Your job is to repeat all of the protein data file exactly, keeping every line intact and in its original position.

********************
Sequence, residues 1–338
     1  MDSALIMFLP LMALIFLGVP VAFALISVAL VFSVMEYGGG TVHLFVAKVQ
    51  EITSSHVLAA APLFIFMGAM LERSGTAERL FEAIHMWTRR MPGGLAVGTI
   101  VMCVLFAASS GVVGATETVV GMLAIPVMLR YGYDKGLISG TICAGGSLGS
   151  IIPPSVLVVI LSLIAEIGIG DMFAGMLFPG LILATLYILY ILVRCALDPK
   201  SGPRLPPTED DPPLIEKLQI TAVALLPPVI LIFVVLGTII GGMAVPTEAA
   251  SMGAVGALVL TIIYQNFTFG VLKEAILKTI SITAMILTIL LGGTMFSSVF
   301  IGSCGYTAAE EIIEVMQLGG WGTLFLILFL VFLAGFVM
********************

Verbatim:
Sequence, residues 1–338
     1  MDSALIMFLP LMALIFLGVP VAFALISVAL VFSVMEYGGG TVHLFVAKVQ
    51  EITSSHVLAA APLFIFMGAM LERSGTAERL FEAIHMWTRR MPGGLAVGTI
   101  VMCVLFAASS GVVGATETVV GMLAIPVMLR YGYDKGLISG TICAGGSLGS
   151  IIPPSVLVVI LSLIAEIGIG DMFAGMLFPG LILATLYILY ILVRCALDPK
   201  SGPRLPPTED DPPLIEKLQI TAVALLPPVI LIFVVLGTII GGMAVPTEAA
   251  SMGAVGALVL TIIYQNFTFG VLKEAILKTI SITAMILTIL LGGTMFSSVF
   301  IGSCGYTAAE EIIEVMQLGG WGTLFLILFL VFLAGFVM